Stephen F. Austin State University

Tombstone Mysteries (April 2016)

Tombstone Mysteries
By Jeff Campbell

Deep in the heart of Texas the Plano Conservancy for Historic Preservation has a sustained history of restoring historic cemeteries. In our fifteen year history we have restored numerous cemeteries in Plano, Texas. Additionally we have undertaken or assisted on projects in Richardson and Frisco, Texas.

One of the challenges of cemetery restoration is engaging young people and their families. Most of our cemetery volunteers tend to be adults. So how do you engage young people and their families to take part in cemetery restoration without resorting to ghostly or Halloween type tactics? Here at the Plano Conservancy we brainstormed, with the help of Sundance Associates, and came up with the concept of "Tombstone Mysteries-Solve 'Em and Save 'Em".
Our first Tombstone Mysteries was held on May 9th, 2015. The location was at Old City Cemetery and the adjacent Davis Cemetery. Both of these cemeteries are located in the Douglass Community of Plano.

Old City Cemetery is sometimes referred to as Pioneer Cemetery; this large burial ground was designated in 1848. Joseph Klepper established the Old City Cemetery. He was born in Tennessee in 1804. One of the original Peters Colonists, he came to the Plano area in the 1840's. The cemetery was associated with the earliest Methodist Church in Plano, where worshippers gathered until 1894. Four other Peters Colonists, the original Plano pioneers are buried in this cemetery.

Old City Cemetery has a unique African American history. Over the years, the original Peters colony neighborhood, for which the cemetery was built for, evolved into an African American community. This resulted in Old City Cemetery becoming one of the first integrated cemeteries in the State of Texas.

Davis Cemetery is named after L.A. Davis a prominent figure in Plano's African American history. In 1910, Lee Andrew (L.A.) Davis came to Plano from south Texas, finding work as a sharecropper. Over the years Mr. Davis became a community leader and business owner. Mr. Davis invested in stocks and real estate.

Under Jim Crowe laws and segregation African Americans found it difficult to buy property in Plano. Mr. Davis used his financial clout to purchase a large section of property in Plano's Douglass Community and then sold lots to local African Americans. In 1945, Mr. Davis also bought a plot of vacant land and established L.A. Davis Cemetery. The cemetery was used by African-Americans in the Douglass Community.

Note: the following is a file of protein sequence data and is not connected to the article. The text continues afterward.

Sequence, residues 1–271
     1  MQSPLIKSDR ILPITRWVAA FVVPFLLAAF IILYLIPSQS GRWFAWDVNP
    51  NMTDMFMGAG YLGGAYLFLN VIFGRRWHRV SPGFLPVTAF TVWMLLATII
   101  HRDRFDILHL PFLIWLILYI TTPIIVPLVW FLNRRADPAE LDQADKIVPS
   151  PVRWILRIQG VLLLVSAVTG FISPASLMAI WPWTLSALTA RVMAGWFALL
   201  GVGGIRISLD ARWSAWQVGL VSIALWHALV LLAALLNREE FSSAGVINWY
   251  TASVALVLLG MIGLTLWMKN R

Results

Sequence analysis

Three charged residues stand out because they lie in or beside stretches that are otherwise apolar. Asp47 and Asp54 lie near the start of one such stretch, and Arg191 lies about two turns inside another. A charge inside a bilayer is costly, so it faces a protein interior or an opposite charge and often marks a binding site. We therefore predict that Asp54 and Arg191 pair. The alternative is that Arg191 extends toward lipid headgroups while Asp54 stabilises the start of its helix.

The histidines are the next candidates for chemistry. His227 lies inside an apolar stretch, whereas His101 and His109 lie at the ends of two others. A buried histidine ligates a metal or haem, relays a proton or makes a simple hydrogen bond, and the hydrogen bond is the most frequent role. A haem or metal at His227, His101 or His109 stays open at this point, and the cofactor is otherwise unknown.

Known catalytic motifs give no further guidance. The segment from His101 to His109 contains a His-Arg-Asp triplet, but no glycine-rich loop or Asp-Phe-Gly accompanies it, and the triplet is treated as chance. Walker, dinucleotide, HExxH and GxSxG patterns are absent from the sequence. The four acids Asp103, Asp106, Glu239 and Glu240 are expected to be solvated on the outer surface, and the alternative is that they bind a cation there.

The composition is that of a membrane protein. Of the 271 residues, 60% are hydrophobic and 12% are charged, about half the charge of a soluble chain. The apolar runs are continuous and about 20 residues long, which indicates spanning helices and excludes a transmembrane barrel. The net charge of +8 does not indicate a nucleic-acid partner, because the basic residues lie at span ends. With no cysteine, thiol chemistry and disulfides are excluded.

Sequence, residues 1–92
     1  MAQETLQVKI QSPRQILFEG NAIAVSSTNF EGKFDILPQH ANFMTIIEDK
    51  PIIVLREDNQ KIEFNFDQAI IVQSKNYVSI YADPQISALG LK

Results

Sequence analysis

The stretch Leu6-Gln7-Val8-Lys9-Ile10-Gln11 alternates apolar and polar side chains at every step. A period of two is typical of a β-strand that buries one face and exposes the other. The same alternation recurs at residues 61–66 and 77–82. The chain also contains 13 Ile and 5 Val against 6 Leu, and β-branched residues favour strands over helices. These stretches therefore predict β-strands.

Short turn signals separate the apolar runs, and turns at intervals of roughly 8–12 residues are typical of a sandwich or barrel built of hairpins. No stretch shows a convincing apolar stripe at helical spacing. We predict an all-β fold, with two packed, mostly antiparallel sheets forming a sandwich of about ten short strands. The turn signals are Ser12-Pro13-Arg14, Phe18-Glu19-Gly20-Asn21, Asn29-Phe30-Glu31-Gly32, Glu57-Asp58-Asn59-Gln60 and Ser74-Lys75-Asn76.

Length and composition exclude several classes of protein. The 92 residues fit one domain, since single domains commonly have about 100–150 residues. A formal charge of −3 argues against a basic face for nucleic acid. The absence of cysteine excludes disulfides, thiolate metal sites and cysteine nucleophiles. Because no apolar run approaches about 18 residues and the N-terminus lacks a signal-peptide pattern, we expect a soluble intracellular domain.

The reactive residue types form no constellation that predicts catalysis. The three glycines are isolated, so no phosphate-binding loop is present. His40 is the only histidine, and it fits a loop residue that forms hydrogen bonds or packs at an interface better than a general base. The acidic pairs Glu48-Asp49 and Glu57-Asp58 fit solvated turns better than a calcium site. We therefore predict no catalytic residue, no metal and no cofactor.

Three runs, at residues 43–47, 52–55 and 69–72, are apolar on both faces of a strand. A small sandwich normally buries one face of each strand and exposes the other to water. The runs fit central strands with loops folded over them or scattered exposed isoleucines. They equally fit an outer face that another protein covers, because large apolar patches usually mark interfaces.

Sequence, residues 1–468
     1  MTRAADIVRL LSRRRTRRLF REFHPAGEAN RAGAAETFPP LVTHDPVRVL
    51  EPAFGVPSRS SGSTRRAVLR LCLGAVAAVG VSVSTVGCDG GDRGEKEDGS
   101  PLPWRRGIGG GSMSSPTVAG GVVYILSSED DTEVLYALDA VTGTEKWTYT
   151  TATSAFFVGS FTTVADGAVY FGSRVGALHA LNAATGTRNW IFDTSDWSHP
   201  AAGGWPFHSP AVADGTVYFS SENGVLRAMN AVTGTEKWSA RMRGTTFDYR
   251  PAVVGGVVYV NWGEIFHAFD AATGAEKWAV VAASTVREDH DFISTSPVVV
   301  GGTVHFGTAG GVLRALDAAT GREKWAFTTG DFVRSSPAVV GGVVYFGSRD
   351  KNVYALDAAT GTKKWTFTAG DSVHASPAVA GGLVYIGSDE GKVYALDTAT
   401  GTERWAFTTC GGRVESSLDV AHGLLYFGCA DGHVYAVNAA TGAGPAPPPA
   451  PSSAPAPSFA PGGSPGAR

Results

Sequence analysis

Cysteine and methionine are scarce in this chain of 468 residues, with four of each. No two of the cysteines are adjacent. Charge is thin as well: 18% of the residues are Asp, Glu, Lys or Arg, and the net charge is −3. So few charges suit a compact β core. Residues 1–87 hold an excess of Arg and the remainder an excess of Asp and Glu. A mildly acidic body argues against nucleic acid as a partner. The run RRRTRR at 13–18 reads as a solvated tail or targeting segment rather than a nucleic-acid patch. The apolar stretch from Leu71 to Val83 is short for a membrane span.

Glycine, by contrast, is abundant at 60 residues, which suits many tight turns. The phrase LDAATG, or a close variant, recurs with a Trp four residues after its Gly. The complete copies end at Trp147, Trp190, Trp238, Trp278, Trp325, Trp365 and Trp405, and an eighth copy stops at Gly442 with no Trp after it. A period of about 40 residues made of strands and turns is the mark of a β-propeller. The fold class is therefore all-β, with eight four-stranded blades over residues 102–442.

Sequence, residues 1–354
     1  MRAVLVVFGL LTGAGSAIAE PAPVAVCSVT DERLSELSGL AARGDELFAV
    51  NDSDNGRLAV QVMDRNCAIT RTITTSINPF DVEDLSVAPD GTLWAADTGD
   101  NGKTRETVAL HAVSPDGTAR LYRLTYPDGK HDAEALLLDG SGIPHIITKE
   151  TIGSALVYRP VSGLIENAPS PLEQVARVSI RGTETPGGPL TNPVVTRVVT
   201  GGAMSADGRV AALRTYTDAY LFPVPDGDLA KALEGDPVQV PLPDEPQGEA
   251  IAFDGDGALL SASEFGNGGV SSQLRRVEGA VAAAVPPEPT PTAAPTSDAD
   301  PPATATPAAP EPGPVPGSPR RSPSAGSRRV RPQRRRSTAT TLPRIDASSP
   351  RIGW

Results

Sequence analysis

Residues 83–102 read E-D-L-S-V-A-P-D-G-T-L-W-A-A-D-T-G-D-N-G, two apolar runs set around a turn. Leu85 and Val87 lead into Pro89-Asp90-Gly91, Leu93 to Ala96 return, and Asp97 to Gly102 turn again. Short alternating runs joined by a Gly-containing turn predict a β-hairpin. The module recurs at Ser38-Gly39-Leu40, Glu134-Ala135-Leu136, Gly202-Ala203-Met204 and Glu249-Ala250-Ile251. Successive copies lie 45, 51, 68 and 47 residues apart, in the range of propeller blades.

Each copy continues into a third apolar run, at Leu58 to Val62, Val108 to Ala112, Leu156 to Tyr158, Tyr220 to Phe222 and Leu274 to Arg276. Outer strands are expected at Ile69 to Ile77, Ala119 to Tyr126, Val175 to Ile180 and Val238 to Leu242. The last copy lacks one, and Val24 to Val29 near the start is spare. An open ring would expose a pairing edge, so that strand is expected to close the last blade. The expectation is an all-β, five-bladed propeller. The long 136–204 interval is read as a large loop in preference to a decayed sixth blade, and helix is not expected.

Our event had to major themes; "Solve 'Em" and Save 'Em. The "Solve 'Em" component included learning about the people of Plano's past, learning about Plano's veterans and learning about what different cemetery symbols mean. The "save em" component included learning how to clean a grave stone. Also, with the assistance of the Plano Garden Club, we had a group planting flowers in the cemetery.

"Solve 'Em" was conducted through our Mystery Tour. On the mystery tour participants were given a packet that includes a numbered cemetery map and a corresponding sheet of names and "mysteries" to solve. Using the map participants were able to locate the gravestone, where a plastic folder with the answer to the "mystery" would be found. Stickers were also in the packet and they were placed by the name on the list. When all the names on the sheet have stickers the sheet is turned in and the participants were entered into a drawing for a copy of the Arcadia book "Plano's Historic Cemeteries". We give away 20 copies of the book. The Mystery Tour allows participants to learn about people from Plano's past, Plano historic events and the meaning of symbols on tombstones.

The other element of "Solve 'Em" was done in the tradition of the Old Time Decoration days; participants placed carnations on the graves of our Plano Veterans. All participants were provided with a map of all the veterans buried in Plano Mutual Cemetery. Carnations are used instead of plastic flags because they are biodegradable.

"Save 'Em" was an interactive opportunity to clean gravestones. Participants had the opportunity to learn gravestone cleaning under the supervision of professionals with Texas Cemetery Restoration LLC and The Plano Conservancy for Historic Preservation. Cleaning the stones was done with water and D/2. D/2 is a biological solution it is a biodegradable, easy to use liquid that removes stains from mold, algae, mildew, lichens and air pollutants.

We had no idea whether this event would be a success or not. Our apprehension was put to rest when numerous families arrived a few minutes before our start time of 9:00 AM. For the duration of the two hour event we had almost 200 attendees. Most of our attendees were families with children ranging from elementary school age to high school students. There were many smiling faces and many questions of "when is the next one?"

Our second Tombstone Mysteries will be held at Plano Mutual Cemetery on April 16th 2016. We thank the Plano Heritage Commission, Texas Cemetery Restoration and Sundance Associates for making these events a success. You can register at

If you are interested in how to conduct your own Tombstone Mysteries please feel free to contact me at